28 January 2021

Students studying Latin in the Fourth Year have been recording themselves delivering the opening of one of Cicero’s most famous speeches. This is the First Catilinarian, delivered in the senate in late 63 BC, during Cicero’s own consulship, in which he was attempting to drive the allegedly rebellious noble Catiline out of the city before he could accomplish his planned ‘insurrection’ against the established order. In that sense it is a very topical speech for politics across the Atlantic, not least as Cicero refers to the specially fortified place – the Temple of Jupiter Stator – where the senate meeting was being held to underline the threat of violence to the Roman constitution.

It is quite a skill to read, getting the stresses in all the right places on the words, and getting the length of the vowels correct. These four recitals were the most accurate in achieving this.

The full translation of the extract the students are reading is below:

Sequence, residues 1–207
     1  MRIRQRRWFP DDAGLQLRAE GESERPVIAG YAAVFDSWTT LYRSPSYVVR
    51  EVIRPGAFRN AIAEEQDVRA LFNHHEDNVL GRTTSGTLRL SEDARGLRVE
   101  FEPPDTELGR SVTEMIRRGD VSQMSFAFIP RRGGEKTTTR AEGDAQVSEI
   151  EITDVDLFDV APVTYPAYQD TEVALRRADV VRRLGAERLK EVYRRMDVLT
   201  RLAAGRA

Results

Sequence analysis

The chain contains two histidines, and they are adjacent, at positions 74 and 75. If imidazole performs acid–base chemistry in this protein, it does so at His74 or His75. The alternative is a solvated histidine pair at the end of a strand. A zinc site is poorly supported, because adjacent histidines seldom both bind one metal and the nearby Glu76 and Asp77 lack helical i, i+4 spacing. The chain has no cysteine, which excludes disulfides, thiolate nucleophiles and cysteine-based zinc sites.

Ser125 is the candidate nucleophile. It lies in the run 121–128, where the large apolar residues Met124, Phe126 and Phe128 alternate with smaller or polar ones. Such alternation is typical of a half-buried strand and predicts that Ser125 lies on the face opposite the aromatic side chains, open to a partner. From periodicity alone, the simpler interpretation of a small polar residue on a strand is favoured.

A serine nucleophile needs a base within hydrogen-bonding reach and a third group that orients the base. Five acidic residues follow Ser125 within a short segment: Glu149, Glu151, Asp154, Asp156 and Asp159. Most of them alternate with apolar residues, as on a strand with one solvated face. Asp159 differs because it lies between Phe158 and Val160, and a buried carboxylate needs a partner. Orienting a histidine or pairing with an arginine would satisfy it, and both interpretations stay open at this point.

‘Just how long will you abuse, Catiline, our patience? For how long also will this madness of yours mock us? To what limit will your unbridled audacity strut around? Has not the night-time garrison of the Palatine, have not the watches of the city, has not the fear of the people, has not the gathering of all good men, has not this most fortified place for holding the senate, have not the faces and expressions of these men moved you at all? Do you not realise that your plans lie revealed? Do you not see that your conspiracy is now held fast by the knowledge of all these men? Which of us do you think is ignorant of what you did last night, what the night before, where you were, whom you called together, what plan you adopted? O times, O customs! the senate understands this. The consul sees it: and yet this man still lives.’

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